According to a recent study, it has been found that babies born to mothers with SARS-CoV-2 infection may have higher risk of immune cells known to be involved in rapid response to the viral infection. Researchers at King’s College London observed the immune system of 30 babies born to mothers exposed to SARS-CoV-2 at different stages of pregnancy.
The study has been published in the journal Nature Immunology and it found that babies born to mothers with current or ongoing infection had higher levels of circulating intermediaries as well as increased percentages of cells known to be involved in rapid response to infection.
The researchers said that in babies born to mothers who had COVID-19 earlier in pregnancy the capability of immune cells to make mediators were boosted. They said, this suggests that infection in the mother has changed the immune system of the baby.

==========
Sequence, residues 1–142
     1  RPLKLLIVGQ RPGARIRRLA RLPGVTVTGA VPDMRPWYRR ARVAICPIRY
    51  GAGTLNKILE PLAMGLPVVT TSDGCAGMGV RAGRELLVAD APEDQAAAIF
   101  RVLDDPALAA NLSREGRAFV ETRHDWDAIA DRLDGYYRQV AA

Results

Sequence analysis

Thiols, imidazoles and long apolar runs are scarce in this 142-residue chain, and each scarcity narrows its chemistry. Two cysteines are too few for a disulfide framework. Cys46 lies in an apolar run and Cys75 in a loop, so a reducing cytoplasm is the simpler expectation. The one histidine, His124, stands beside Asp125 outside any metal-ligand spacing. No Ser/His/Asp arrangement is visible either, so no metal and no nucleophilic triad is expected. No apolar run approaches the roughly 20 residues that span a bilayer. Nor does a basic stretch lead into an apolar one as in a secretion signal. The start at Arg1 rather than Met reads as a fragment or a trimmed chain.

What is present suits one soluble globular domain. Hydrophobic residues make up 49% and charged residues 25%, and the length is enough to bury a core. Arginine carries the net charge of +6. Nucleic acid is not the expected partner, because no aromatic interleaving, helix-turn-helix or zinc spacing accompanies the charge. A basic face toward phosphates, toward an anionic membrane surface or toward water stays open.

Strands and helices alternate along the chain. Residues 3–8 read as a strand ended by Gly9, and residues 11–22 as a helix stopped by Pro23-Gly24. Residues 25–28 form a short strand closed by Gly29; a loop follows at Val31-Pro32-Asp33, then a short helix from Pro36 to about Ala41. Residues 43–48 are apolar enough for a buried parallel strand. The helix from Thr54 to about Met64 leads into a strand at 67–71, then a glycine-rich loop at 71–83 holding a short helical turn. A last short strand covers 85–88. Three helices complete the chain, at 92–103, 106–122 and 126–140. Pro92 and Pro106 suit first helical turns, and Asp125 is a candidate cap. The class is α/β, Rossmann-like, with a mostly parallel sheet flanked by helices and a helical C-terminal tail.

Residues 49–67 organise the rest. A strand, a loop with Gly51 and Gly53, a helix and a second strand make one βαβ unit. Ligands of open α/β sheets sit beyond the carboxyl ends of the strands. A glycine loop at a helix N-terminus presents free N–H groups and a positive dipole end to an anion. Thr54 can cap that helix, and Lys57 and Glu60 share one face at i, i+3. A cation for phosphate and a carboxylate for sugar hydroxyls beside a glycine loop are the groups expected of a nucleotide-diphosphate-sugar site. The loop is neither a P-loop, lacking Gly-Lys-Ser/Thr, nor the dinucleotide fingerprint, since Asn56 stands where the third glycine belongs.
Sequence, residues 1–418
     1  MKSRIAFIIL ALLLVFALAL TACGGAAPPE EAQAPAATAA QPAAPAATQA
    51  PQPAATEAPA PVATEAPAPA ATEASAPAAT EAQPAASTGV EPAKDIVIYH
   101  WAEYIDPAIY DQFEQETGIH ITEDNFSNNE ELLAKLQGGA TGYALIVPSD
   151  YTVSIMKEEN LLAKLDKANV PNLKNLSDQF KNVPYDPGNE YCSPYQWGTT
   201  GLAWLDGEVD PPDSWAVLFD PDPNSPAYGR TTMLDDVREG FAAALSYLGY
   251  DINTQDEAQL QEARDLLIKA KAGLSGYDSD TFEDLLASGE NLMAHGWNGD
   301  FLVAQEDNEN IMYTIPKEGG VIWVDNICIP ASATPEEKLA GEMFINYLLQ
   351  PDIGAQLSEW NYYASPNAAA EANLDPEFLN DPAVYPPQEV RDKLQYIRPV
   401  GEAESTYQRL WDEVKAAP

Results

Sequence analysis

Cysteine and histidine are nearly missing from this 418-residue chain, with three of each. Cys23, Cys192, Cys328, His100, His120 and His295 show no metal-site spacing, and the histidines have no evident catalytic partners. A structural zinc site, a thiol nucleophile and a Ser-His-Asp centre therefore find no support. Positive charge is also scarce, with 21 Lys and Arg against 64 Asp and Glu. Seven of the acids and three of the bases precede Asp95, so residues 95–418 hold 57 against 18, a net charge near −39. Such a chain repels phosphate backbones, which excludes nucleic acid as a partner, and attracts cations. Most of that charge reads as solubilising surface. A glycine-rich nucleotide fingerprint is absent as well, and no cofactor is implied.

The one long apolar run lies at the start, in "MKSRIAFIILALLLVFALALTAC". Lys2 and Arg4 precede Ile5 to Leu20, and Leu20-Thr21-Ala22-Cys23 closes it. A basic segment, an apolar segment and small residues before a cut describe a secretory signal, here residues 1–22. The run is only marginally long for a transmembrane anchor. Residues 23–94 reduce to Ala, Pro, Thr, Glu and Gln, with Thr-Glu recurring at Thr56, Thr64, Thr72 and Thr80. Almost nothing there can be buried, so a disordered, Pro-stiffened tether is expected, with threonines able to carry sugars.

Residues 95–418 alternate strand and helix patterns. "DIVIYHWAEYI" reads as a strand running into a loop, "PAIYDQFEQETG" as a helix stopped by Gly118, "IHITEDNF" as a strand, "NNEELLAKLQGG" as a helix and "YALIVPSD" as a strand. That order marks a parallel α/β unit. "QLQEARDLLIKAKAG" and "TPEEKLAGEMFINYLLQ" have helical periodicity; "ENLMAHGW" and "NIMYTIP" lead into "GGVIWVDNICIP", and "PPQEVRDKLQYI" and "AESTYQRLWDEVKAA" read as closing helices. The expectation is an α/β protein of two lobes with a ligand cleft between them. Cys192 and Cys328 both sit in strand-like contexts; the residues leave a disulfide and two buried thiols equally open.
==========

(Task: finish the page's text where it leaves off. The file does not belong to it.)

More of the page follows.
The researchers also found that the mothers pass antibodies against SARS-CoV-2 to their baby through the placenta which is also known as the transfer of passive immunity. While they said, this was particularly obvious if the infection was earlier in pregnancy.
“This data highlights that the neonatal immune system can be affected by the maternal state even in the absence of direct infection of the baby,” said Deena Gibbons from King’s College London.
“This opens up many avenues of research and suggests that other maternal factors may be capable of changing foetal immune system development,” said Gibbons, the corresponding author of the study.
Sarah Gee, the first author of the paper and a PhD pupil at King’s College London, noted that it’ll be arresting to know whether these pure changes allow the babe to make better responses to infections after birth.
The study authors will be testing additional babes to see whether others may have specific responses to SARS-CoV-2 suggesting the transfer of the disease from the ma to the baby– which does appear to be rare.
They’re also looking at how mother infection may be changing the pure system of the babe and how long these changes might remain.